Sunday, November 13, 2016

Reign of Christ: Hark!

The last Sunday of the liturgical year, Reign of Christ (C), is a day of power. Christ is on the throne, every knee has bowed and every tongue has confessed that he is Lord. Justice and righteousness are flowing, death and evil and tears have no place. The heavenly banquet is underway. Long live the King!

One of the things that every medieval ruler needed was a herald. Literary works as diverse as Alice's Adventures in Wonderland and Shakespeare's Henry V put heralds within close proximity to rulers.
In Wonderland, the white rabbit carries a trumpet in one hand and a scroll in the other as he stands near the King and Queen of Hearts (chapter 11):
'Herald, read the accusation!' said the King.
On this the White Rabbit blew three blasts on the trumpet, and then unrolled the parchment scroll...
It is Montjoy, herald of the king of France, who comes to England's Henry V in his camp before the battle that will be known as the Battle of Agincourt. He offers Henry the option of paying ransom and avoiding the battle. The offer is refused and Montjoy agrees to relay Henry's answer and concludes saying, "And so fare thee well. Thou never shalt hear herald any more."

The role of the herald in medieval Europe changed over the centuries. In varying times, heralds served as a sort of master of ceremonies at tournaments. They carried messages from one king or noble to another. They acted as diplomats for noble households. In almost all their duties, they needed to recognize the colors and arms of noble and royal houses. It is from that aspect that the field of heraldry - the identification, design and registration of coats of arms and other armorial insignia - developed.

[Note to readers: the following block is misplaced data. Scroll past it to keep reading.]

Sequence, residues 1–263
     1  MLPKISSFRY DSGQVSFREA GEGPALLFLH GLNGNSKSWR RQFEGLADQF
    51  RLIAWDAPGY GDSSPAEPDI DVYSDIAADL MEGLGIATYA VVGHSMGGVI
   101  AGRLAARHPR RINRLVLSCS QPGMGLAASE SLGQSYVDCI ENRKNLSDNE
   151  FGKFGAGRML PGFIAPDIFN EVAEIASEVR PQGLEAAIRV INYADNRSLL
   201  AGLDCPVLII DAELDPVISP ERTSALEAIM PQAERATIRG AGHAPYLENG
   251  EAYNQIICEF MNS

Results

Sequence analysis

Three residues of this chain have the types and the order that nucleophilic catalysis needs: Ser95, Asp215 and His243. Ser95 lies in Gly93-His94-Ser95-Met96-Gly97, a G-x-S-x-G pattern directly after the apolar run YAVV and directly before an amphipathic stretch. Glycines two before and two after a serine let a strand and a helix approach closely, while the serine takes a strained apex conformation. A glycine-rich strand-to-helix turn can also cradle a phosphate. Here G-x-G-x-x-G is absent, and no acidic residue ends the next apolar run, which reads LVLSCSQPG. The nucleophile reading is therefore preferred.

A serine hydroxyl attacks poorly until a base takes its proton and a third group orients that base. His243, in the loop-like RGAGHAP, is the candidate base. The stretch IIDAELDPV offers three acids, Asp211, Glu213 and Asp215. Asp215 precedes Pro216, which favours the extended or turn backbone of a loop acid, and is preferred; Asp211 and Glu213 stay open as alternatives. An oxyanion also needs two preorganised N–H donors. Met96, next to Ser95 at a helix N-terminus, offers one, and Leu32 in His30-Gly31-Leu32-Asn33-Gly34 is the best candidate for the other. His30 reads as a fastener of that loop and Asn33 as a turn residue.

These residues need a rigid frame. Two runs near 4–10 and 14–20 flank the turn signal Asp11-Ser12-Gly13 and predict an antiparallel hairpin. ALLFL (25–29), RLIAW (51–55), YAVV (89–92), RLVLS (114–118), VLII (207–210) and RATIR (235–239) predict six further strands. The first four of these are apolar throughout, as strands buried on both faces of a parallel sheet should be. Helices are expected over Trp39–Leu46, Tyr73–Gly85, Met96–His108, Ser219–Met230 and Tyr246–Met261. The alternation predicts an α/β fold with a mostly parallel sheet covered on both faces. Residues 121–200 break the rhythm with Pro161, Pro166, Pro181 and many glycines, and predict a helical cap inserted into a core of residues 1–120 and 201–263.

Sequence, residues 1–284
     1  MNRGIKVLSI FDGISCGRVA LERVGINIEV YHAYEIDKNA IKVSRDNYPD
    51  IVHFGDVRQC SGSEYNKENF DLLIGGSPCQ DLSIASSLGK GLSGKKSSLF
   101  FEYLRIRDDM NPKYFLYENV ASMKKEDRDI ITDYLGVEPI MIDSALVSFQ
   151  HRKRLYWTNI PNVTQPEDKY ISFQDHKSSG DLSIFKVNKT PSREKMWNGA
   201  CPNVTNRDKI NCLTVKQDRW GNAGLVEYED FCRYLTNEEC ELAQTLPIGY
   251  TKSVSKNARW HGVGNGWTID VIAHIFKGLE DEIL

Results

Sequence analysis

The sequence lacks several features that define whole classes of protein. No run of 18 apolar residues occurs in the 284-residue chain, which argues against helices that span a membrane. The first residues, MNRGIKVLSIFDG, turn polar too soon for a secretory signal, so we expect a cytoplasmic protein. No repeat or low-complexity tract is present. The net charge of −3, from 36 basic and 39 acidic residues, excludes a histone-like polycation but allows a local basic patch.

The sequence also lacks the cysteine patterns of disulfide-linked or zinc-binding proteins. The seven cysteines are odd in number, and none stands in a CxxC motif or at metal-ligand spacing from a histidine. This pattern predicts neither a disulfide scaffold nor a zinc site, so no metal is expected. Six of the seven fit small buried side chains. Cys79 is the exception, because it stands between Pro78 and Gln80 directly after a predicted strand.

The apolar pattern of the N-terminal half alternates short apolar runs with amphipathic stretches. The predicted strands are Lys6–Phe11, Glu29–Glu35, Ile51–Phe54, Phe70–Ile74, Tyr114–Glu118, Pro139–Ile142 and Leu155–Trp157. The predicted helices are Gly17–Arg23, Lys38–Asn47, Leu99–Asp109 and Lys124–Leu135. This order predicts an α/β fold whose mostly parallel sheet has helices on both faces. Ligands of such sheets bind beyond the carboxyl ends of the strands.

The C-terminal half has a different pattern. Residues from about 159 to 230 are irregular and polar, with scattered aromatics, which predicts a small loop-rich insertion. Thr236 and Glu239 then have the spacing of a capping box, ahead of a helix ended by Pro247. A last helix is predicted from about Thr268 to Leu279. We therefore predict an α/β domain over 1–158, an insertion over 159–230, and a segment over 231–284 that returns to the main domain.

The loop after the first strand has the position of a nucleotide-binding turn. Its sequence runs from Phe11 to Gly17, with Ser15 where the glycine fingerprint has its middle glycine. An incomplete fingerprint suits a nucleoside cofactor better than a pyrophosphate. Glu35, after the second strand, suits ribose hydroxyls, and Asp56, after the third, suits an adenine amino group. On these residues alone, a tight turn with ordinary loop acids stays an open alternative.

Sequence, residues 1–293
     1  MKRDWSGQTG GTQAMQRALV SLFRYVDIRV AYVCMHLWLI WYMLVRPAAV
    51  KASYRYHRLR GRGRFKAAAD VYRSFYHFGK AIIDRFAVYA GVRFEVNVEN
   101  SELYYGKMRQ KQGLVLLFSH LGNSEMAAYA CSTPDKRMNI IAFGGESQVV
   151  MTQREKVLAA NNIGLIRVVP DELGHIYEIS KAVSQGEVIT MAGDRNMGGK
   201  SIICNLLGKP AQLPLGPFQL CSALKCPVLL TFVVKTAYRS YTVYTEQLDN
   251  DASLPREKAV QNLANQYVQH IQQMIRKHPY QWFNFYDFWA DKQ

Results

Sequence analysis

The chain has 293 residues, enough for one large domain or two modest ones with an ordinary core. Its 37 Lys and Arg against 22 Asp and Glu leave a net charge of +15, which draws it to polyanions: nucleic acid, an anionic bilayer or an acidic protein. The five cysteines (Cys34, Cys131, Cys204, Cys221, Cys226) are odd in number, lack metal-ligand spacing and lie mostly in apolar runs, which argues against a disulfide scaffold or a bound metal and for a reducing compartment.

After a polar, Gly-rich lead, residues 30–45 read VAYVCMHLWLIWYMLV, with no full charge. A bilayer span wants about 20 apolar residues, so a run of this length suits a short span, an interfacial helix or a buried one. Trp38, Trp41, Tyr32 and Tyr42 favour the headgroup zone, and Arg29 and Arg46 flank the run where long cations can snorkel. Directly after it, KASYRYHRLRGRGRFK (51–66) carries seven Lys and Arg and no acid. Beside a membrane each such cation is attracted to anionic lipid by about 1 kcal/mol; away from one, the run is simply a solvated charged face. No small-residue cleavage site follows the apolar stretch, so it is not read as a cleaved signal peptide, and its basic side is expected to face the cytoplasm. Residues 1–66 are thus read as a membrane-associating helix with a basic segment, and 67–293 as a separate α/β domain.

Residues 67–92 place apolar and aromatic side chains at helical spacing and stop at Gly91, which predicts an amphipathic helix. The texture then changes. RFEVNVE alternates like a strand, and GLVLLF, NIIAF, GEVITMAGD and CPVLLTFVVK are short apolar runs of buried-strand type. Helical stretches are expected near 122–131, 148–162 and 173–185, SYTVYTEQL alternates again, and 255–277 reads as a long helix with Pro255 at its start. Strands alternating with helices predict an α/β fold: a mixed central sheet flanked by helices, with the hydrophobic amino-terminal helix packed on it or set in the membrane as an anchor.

So who acts as herald to Jesus the king? In the Hans Memling's painting below, it is a familiar figure: herald angels, carrying/playing their herald trumpets. The painting shows Christ at the center flanked by three singing angels on his left and three on his right and then further flanked by angel musicians. The trumpeting herald angels mirror one another in the fifth position (counting out from Christ at the center). In this painting Christ holds the orb and scepter and his crown echoes the idea of the earth with the cross surmounting it.

Hans Memling. Christ with Singing and Music-making Angels. 1480s. Antwerp: Koninklijk Museum voor Schone Kunsten.

This is neither the first nor the last time we will associate herald angels with Christ. We sing of them at Christmas, of course, when the king is born. And in Revelation, it is trumpeting angels who herald the disasters that are to come when the king returns.

These heavenly heralds are only one answer to the question Who acts as herald to Jesus? Another answer is John the Baptist. Still another answer is (or should be) all who follow him. Remember the old hymn "Tell Me the Stories of Jesus"? It contains the line: One of his heralds, yes, I would sing loudest hosannas, "Jesus is King!"

For additional thoughts on the Reign of Christ, click here, here, or here

Here is a flock of herald angels. Click on the Art&Faith Matters Facebook link below to find out where it is.

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